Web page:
satisfies the differential equation,
Question:

Let $f:[0,1] \rightarrow \mathrm{R}$ be such that $f(x y)=f(x) f(y)$, for all $x, y \in[0,1]$, and $f(0) \neq 0$. If $y=y(x)$ satisfies the

differential equation, $\frac{d y}{d x}=f(x)$ with $y(0)=1$, then

$y\left(\frac{1}{4}\right)+y\left(\frac{3}{4}\right)$ is equal to:

  1. (1) 3

  2. (2) 4

  3. (3) 2

  4. (4) 5


Correct Option: 1

Solution:

$f(x y)=f(x) \cdot f(y)$….(1)

Put $x=y=0$ in (1) to get $f(0)=1$

Put $x=y=1$ in (1) to get $f(1)=0$ or $f(1)=1$

$f(1)=0$ is rejected else $y=1$ in (1) gives $f(x)=0$

$\operatorname{imply} f(0)=0$

Hence, $f(0)=1$ and $f(1)=1$

By first principle derivative formula,

$f^{\prime}(x)=\lim _{h \rightarrow 0} \frac{f(x+h)-f(x)}{h}$

$=\lim _{h \rightarrow 0} f(x)\left(\frac{f\left(1+\frac{h}{x}\right)-f(1)}{h}\right)$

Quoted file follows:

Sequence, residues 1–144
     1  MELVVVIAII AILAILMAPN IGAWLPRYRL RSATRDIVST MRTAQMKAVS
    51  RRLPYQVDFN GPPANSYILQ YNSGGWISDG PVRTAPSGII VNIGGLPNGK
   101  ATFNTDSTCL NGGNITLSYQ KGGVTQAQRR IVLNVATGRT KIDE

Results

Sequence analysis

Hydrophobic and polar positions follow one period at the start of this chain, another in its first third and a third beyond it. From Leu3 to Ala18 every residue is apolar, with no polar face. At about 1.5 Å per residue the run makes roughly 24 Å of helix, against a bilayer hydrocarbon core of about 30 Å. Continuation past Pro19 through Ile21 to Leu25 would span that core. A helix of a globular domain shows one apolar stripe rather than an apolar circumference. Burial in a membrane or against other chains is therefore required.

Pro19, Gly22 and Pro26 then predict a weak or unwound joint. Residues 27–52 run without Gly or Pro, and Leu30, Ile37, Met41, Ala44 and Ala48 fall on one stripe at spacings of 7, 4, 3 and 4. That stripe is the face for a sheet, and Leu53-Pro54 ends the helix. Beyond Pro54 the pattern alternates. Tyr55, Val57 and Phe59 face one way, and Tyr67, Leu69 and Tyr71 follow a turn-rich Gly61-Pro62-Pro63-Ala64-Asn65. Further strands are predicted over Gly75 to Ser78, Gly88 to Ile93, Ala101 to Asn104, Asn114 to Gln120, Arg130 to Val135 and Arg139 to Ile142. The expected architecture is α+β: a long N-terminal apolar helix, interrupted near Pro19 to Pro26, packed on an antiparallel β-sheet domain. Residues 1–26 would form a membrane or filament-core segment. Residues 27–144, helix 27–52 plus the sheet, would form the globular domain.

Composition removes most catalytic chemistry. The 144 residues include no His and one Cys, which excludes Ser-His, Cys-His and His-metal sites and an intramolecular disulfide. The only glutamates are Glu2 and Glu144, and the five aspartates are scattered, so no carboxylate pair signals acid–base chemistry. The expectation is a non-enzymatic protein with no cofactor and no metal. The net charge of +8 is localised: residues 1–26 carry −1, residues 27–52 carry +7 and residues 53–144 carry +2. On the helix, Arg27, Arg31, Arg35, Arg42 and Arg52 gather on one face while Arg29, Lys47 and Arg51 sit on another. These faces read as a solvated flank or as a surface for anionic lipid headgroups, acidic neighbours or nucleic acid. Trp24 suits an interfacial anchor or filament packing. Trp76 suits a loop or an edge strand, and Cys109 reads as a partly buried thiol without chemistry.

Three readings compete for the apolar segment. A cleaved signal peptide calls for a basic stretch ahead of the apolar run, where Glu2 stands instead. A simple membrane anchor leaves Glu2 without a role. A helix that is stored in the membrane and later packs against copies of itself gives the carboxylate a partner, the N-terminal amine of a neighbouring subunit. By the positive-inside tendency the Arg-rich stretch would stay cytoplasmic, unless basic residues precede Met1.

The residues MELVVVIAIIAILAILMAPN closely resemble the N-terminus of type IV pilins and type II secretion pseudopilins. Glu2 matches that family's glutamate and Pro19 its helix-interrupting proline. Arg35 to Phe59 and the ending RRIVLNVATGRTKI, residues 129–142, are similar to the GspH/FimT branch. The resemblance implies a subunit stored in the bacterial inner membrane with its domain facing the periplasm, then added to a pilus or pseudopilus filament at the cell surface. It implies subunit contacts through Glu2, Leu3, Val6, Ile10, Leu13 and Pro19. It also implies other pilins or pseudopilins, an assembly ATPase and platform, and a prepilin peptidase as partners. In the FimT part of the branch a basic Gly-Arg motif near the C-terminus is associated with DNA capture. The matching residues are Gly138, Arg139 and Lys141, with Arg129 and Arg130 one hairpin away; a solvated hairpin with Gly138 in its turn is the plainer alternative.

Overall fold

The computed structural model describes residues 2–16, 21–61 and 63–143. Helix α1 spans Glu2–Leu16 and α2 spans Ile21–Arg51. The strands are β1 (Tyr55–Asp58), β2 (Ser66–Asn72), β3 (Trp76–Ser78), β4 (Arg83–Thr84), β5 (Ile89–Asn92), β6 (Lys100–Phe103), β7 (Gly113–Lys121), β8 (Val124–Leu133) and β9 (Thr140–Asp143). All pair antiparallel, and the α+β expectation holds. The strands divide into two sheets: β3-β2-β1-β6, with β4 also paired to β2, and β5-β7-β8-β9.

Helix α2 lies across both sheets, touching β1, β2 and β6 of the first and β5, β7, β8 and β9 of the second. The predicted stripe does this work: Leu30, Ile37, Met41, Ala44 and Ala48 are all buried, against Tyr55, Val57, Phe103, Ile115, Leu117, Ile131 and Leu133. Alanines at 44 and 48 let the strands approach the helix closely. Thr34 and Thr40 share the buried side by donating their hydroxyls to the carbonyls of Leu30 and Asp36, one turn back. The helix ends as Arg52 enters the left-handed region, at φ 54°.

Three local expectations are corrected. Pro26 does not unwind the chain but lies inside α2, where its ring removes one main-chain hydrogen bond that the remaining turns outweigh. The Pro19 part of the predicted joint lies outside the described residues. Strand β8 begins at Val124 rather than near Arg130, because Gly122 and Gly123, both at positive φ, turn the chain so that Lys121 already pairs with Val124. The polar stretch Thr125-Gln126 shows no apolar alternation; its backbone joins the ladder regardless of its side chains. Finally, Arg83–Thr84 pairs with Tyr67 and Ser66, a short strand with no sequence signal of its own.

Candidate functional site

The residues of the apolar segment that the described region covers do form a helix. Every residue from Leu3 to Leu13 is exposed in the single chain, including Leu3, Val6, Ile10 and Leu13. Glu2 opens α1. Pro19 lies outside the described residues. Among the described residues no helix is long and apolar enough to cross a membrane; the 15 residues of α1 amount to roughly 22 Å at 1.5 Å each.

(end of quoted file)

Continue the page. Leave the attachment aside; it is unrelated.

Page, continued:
$\Rightarrow \quad f^{\prime}(x)=\frac{f(x)}{x} f^{\prime}(1)$

$\Rightarrow \quad \frac{f^{\prime}(x)}{f(x)}=\frac{k}{x} \Rightarrow \ln f(x)=k \ln x+c$

$f(1)=1 \quad \Rightarrow \quad \ln 1=k \ln 1+\mathrm{c} \Rightarrow c=0$

$\Rightarrow \quad \ln f(x)=k \ln x \Rightarrow f(x)=x^{k}$ but $f(0)=1$

$\Rightarrow \quad k=0$

$\therefore \quad f(x)=1$

$\frac{d y}{d x}=f(x)=1 \Rightarrow y=x+c, y(0)=1 \Rightarrow c=1$

$\Rightarrow \quad y=x+1$

$\therefore \quad y\left(\frac{1}{4}\right)+y\left(\frac{3}{4}\right)=\frac{1}{4}+1+\frac{3}{4}+1=3$

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